Tesla's approach is based on the belief that in the coming years, its vision system will be advanced enough that other car manufacturers will not be able to justify the cost of including Lidar in their vehicles. While some argue that adding Lidar in addition to cameras would provide an extra layer of safety, the question remains whether consumers will be willing to pay extra for a technology that offers slightly increased safety when the current level of safety is already deemed acceptable. History has shown that people are not willing to pay a premium for "safer" airfare when the standard option is already considered safe. Similarly, if Tesla's vision-based approach proves to be safe enough, Lidar may be considered as a redundant and unnecessary cost.
Currently, it remains uncertain as to when Tesla and other companies utilizing Lidar technology will achieve level 5 autonomy. While both approaches are likely capable of solving the problem of autonomous driving, the question of who will accomplish this goal first remains unresolved. Currently, companies using the Lidar approach, such as Waymo, have already achieved level 4 autonomy in certain locations, while Tesla's current level of autonomy, from a legal perspective, is considered to be level 2. However, some experts have suggested that in terms of technology, Tesla's Full Self-Driving (FSD) beta may be closer to level 3 or even 4.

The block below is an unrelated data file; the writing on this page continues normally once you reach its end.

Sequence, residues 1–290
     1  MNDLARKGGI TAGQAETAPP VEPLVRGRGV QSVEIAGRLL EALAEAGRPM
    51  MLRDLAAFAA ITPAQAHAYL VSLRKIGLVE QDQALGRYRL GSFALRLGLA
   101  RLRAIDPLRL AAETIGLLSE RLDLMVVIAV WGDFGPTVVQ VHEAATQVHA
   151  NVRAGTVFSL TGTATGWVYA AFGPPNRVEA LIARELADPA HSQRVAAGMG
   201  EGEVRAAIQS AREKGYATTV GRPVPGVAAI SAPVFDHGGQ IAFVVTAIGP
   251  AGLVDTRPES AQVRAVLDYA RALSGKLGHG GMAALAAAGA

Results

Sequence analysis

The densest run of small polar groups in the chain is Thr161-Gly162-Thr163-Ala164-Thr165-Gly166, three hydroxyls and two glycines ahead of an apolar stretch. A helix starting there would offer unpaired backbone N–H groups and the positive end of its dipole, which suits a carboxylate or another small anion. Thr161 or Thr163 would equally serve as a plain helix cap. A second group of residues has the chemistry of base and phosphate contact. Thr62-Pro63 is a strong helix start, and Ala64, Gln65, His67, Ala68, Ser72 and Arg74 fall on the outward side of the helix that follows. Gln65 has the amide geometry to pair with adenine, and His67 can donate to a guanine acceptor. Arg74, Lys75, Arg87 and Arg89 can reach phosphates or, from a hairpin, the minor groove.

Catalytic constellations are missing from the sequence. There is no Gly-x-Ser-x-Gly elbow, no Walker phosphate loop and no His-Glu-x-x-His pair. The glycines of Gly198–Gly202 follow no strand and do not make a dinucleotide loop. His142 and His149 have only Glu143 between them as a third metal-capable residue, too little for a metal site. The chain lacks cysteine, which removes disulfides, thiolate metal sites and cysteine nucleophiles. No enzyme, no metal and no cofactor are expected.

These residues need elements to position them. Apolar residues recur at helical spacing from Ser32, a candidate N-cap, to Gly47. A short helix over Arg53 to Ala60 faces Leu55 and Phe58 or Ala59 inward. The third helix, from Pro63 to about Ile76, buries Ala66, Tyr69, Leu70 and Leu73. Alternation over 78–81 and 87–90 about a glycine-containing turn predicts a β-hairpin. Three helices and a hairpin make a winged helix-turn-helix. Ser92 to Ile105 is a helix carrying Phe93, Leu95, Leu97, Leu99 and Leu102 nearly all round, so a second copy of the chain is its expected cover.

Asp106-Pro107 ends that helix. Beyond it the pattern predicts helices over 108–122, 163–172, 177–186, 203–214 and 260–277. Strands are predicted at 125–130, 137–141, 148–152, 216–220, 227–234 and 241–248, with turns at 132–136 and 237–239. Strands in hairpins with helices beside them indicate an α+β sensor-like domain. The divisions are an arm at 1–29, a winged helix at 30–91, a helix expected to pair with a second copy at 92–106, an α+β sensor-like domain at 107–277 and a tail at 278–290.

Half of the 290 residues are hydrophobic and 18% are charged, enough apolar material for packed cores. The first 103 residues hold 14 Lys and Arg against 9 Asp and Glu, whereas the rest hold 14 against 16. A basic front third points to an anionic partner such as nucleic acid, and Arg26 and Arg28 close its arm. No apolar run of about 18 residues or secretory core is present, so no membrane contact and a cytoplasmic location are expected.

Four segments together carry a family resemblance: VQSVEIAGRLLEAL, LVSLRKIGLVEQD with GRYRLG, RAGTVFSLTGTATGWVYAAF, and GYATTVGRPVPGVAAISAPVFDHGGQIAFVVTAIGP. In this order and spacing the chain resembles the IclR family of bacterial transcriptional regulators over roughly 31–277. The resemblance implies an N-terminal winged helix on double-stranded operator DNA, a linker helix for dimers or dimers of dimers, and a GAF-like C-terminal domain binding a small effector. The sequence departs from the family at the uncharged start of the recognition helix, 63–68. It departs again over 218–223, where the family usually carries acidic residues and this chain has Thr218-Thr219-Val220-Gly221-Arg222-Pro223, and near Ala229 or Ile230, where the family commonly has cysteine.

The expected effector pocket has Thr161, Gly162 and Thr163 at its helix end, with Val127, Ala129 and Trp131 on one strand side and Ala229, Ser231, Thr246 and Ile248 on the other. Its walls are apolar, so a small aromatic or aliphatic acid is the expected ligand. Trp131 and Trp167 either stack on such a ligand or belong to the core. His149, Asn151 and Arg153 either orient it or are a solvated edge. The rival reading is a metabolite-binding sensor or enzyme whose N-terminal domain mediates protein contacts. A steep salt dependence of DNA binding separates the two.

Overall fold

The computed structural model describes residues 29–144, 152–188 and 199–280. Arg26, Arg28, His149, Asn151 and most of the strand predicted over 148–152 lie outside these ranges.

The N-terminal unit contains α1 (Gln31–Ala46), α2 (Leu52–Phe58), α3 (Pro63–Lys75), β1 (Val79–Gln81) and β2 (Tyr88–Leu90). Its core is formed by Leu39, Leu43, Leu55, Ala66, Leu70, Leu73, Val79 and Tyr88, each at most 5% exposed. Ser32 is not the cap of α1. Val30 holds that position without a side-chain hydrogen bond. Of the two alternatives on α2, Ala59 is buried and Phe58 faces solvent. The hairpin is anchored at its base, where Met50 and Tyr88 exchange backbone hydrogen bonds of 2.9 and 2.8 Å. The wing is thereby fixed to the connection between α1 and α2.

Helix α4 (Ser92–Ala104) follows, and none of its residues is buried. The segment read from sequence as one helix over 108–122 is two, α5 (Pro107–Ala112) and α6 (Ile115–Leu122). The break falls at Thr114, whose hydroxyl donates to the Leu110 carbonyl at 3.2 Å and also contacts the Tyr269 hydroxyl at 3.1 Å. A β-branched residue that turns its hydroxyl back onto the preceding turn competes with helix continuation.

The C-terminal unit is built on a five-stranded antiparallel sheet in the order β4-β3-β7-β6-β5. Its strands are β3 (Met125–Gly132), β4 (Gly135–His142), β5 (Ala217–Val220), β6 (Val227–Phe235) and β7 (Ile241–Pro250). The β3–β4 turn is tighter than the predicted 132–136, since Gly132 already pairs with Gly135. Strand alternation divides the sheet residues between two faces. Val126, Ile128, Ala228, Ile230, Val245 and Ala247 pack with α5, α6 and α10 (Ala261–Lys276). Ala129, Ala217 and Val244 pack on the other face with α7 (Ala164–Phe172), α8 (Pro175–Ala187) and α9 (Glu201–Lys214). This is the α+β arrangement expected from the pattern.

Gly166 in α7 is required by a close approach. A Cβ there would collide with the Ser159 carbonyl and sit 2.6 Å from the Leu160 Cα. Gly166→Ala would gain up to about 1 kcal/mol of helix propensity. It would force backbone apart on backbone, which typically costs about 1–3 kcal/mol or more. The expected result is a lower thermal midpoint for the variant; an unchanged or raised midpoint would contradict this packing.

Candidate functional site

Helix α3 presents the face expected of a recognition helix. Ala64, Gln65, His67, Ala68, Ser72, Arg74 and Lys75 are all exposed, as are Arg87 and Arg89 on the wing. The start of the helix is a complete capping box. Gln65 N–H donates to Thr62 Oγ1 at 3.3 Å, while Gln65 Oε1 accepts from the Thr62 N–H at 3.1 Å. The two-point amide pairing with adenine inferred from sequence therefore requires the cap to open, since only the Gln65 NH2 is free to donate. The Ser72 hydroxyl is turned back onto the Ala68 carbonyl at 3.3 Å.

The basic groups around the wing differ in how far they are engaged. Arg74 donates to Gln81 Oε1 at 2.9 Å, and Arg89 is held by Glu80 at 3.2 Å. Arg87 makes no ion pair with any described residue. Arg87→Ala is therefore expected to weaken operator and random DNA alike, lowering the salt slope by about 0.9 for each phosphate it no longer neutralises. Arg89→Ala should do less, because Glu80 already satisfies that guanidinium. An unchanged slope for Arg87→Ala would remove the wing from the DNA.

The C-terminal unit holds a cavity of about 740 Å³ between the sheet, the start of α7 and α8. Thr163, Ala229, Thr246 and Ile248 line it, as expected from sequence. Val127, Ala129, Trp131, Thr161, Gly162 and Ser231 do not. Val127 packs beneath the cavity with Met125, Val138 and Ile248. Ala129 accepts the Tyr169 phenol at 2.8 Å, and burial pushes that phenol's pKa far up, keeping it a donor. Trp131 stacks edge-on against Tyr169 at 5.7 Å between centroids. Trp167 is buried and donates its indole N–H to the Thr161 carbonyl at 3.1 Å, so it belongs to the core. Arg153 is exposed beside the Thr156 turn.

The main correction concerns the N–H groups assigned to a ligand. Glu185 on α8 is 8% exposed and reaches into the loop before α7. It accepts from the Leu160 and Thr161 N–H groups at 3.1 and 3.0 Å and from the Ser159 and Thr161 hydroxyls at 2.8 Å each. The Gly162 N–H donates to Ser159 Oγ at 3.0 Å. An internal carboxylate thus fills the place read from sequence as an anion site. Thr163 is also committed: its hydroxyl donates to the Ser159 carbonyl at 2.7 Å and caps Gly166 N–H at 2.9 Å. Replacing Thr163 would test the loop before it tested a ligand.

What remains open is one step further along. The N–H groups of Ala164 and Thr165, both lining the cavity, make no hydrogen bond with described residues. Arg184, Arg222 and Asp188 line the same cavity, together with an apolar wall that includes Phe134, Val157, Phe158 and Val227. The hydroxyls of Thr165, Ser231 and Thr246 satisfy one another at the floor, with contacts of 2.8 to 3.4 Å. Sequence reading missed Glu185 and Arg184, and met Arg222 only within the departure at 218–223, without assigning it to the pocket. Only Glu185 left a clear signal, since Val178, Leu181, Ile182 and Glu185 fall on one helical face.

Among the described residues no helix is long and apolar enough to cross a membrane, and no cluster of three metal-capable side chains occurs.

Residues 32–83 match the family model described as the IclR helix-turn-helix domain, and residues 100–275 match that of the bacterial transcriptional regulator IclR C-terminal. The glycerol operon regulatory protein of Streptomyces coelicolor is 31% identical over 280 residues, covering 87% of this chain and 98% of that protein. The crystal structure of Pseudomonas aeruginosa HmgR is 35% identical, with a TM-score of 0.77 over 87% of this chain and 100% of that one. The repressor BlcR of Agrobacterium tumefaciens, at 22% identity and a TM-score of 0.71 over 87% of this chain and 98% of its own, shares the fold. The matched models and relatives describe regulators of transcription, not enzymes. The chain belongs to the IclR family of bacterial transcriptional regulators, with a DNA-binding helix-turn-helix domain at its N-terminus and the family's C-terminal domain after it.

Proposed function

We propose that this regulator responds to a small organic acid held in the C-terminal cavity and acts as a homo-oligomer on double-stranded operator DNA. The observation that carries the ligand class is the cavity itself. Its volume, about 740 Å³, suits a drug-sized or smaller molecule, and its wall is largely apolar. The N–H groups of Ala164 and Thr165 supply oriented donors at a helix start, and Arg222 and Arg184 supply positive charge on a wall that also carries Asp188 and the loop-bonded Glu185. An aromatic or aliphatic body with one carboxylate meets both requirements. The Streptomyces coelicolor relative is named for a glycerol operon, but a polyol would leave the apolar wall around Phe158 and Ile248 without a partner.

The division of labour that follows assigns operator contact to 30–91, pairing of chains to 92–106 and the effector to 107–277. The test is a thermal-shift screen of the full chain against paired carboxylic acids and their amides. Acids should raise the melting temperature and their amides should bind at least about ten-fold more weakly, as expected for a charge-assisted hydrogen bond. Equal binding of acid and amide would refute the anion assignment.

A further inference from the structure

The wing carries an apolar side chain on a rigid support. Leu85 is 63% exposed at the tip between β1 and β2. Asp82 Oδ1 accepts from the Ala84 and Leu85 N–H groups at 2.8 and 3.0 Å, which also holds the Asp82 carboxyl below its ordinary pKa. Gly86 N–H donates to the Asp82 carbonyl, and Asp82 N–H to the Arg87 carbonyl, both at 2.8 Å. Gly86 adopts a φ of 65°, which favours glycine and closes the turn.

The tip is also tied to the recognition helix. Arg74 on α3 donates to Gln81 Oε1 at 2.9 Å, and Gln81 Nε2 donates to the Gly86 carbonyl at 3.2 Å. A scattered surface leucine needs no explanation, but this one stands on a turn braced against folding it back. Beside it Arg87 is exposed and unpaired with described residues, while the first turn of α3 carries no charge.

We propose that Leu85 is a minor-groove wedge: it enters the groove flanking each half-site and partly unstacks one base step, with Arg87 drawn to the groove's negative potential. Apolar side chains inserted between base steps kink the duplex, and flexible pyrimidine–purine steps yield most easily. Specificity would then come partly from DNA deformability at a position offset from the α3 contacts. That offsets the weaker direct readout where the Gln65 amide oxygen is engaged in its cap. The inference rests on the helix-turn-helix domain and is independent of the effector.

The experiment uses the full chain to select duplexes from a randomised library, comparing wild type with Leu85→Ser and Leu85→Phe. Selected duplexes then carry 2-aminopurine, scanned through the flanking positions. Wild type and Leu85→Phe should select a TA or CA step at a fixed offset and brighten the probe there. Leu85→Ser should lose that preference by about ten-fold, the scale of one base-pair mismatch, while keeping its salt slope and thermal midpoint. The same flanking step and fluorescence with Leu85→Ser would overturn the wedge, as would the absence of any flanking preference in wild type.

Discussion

In August 2021, Tesla gave an in-depth presentation led by Andrej Karpathy, Ashok Elluswamy, and Milan Kovacon on how FSD works. It will be covered in Parts 1-4. In September 2022, Tesla gave an update on their FSD progress, which will be the focus of Parts 5 and 6.
To understand Tesla's architectural layout, we need to know a few terms:
- Backbone: the feature extracting network, which is used to recognize several objects in a single image and provides rich feature information of objects.
- Head: gives us a feature map representation of the input.